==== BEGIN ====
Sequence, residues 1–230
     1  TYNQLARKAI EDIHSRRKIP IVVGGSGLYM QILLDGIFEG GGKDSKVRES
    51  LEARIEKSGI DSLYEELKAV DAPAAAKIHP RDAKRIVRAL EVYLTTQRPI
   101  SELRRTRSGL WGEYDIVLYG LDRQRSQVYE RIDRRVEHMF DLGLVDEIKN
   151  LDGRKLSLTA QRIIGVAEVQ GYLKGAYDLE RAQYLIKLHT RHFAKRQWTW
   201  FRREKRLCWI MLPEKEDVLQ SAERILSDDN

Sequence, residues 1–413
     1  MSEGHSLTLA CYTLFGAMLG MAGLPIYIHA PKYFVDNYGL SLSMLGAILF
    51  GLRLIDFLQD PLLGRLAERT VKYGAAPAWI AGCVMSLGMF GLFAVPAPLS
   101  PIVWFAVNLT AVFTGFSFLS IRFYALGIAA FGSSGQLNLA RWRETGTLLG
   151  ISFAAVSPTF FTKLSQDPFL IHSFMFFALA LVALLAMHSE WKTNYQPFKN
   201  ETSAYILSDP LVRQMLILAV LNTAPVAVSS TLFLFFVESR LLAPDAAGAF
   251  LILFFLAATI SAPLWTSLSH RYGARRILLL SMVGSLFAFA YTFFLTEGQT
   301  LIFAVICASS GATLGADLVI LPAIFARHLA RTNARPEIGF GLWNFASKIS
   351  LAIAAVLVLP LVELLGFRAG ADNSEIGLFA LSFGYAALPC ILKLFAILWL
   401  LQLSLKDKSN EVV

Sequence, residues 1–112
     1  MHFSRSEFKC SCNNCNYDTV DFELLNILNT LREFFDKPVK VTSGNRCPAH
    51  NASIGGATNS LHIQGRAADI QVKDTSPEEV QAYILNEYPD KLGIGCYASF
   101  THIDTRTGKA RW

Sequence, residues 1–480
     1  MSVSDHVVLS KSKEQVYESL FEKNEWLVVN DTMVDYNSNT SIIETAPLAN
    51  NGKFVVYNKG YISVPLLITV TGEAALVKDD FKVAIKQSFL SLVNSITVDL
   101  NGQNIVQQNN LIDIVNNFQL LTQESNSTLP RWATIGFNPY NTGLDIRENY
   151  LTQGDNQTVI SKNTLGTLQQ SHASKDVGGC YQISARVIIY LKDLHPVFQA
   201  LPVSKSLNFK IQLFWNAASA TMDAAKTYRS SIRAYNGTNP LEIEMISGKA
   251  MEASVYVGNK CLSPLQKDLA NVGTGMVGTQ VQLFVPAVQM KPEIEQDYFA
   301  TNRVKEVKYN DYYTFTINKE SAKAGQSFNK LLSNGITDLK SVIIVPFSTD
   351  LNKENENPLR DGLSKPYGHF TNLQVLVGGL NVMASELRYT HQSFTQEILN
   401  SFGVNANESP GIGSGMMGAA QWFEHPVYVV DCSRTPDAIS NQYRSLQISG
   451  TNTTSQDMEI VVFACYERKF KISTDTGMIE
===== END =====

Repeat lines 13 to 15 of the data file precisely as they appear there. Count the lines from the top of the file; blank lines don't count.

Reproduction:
   251  LILFFLAATI SAPLWTSLSH RYGARRILLL SMVGSLFAFA YTFFLTEGQT
   301  LIFAVICASS GATLGADLVI LPAIFARHLA RTNARPEIGF GLWNFASKIS
   351  LAIAAVLVLP LVELLGFRAG ADNSEIGLFA LSFGYAALPC ILKLFAILWL